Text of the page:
If my readers recall, I did a post about Volcanoes in Georgia, specifically Pigeon Mountain. After a number of comments from geologists, I learned it wasn’t a volcano. However, I still wanted to visit the mountain and see things for myself. Although I didn’t doubt the experts, it’s always good to verify information. Nothing beats learning new things!
Imagine my surprise when I received a comment from Tennessee Heartwood telling me they planned an excursion with a geologist to visit Pigeon Mountain. First, let me tell you about Tennessee Heartwood. It’s a 501c3 organization dedicated to the preservation of Tennessee’s public lands heritage. Their efforts include the Cherokee National Forest and Land Between the Lakes NRA. The Cherokee National Forest is a huge forest tract in Tennessee. it joins other national forests in Virginia, North Carolina, and Georgia (the Chattahoochee National Forest).
Anyway, I jumped at the chance to see the mountain and talked my brother into going. We got up early and hit the road since it’s about a two and a half hour drive to get there from our part of Georgia. We had a great time riding through the mountains and seeing the dawn break. Beautiful drive! I can truthfully say there are some wide open spaces between Gainesville, GA and the Pigeon Mountain Grill just outside of Lafayette, GA! If you get the chance, take a ride through the area.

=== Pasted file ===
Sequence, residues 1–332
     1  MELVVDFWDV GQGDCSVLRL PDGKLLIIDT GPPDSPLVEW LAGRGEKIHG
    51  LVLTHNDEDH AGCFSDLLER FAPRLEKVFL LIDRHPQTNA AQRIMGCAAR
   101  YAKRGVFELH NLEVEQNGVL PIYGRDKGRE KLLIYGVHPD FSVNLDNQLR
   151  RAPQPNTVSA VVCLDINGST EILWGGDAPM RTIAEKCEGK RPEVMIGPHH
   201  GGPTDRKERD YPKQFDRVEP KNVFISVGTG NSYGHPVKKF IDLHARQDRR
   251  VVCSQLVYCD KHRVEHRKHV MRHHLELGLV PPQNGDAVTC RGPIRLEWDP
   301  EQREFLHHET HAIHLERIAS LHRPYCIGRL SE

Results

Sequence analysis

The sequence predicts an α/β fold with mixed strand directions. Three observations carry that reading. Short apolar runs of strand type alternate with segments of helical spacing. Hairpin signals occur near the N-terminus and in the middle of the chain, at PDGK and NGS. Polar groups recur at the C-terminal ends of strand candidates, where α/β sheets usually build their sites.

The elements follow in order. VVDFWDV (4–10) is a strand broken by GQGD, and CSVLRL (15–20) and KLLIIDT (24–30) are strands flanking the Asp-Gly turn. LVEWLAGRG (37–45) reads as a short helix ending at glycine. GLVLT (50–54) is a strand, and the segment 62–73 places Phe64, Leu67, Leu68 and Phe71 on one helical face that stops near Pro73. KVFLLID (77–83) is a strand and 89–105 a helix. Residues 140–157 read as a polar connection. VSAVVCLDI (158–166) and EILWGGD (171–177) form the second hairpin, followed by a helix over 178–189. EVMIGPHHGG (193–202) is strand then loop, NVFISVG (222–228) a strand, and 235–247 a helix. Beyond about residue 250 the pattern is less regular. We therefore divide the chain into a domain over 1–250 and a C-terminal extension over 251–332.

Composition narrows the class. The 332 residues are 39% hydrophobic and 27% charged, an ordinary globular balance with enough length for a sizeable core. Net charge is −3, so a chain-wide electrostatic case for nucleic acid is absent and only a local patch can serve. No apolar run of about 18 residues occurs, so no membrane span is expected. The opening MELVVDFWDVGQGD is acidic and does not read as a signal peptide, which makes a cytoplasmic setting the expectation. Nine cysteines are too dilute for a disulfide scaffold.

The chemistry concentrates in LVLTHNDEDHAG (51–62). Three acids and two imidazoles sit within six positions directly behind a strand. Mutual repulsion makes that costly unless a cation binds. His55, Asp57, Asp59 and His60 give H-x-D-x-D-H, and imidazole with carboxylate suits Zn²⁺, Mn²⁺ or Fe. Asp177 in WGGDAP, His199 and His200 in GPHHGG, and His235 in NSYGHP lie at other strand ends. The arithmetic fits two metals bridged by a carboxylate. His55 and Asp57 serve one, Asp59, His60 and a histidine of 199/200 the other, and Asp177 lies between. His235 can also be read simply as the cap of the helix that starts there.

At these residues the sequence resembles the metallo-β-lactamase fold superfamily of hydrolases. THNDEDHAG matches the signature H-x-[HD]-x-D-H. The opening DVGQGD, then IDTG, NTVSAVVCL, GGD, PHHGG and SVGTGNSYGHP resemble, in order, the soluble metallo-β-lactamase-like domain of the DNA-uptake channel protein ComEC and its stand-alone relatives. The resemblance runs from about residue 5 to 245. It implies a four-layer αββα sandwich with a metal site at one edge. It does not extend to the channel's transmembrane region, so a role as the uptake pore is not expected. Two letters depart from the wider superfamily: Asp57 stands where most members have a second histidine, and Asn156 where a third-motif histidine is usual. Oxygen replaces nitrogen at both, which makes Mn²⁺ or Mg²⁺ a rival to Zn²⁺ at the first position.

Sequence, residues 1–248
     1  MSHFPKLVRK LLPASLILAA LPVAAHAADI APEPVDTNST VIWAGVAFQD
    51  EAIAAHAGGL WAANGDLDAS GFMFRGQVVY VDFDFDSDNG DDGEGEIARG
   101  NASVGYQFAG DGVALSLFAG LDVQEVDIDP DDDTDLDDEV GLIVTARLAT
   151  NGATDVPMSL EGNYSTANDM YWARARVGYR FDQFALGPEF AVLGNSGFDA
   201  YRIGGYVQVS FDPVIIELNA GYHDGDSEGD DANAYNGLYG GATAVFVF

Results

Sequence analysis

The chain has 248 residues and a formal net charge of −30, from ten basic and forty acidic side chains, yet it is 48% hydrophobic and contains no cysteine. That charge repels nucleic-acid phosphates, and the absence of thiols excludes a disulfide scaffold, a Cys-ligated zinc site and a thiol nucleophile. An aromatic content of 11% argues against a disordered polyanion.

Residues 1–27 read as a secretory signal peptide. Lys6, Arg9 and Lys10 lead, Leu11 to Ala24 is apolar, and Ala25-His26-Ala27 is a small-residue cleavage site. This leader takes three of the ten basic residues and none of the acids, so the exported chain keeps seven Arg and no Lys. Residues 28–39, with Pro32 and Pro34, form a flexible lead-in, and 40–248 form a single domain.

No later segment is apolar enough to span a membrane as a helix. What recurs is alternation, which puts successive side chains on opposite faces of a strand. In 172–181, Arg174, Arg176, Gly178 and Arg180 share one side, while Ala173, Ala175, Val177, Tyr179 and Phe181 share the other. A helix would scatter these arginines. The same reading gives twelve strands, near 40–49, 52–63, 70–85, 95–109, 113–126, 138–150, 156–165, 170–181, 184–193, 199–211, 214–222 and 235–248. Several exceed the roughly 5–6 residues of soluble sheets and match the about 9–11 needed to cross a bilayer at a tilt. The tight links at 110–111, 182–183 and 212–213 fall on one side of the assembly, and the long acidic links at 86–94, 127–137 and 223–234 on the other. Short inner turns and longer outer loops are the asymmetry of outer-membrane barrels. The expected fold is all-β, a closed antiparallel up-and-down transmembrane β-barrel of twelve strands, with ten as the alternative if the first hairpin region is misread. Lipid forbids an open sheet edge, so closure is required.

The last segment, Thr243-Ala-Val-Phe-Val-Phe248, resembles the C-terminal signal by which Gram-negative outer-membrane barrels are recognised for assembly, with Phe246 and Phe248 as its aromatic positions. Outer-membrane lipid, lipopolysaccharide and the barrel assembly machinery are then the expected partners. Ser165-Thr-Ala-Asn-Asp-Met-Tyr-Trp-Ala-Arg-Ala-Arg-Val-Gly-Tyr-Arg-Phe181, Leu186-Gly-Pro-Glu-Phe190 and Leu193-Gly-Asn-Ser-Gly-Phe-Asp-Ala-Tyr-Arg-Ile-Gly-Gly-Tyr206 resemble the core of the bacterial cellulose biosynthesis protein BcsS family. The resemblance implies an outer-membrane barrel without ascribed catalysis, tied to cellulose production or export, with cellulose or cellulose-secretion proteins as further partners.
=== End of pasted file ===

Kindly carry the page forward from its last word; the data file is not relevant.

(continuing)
Pigeon Mountain Area:
We joined the rest of the group and discovered we couldn’t actually go on the mountain since we didn’t have either a hunting or fishing license. Pigeon Mountain is a Georgia Wildlife Management Area (WMA) and you can’t visit it without one of the licenses. Nonetheless, we went all around the mountain and thoroughly enjoyed our discussions with our geologist tour guide Jay. Jay grew up around Pigeon Mountain and provided a wealth of knowledge about the different geologic periods. In addition, he explained in simple terms and how the mountain formed. And yes, he confirmed that Pigeon Mountain isn’t volcanic.
Pigeon Mountain is part of the Cumberland Plateau and there is a ton of limestone up there. Limestone erosion caused the deep pits (like Ellison’s Cave and Petty John’s Cave) in the mountain. If you’re familiar with sinkholes in Florida, it’s a similar process. All told, Jay gave us an entertaining and educational day. We found fossils, learned about chert (which can be fashioned into tools), sandstone, and limestone. We also saw first hand evidence of the different geologic periods present in the area.
Although I confirmed first hand that Pigeon Mountain wasn’t volcanic, I was still disappointed. In addition, I discovered there aren’t any gemstones native to the area. Bigger disappointment! Fun place to visit, but I’ll stick to my Northeast Georgia Mountains and hunt gemstones and prospect for gold!
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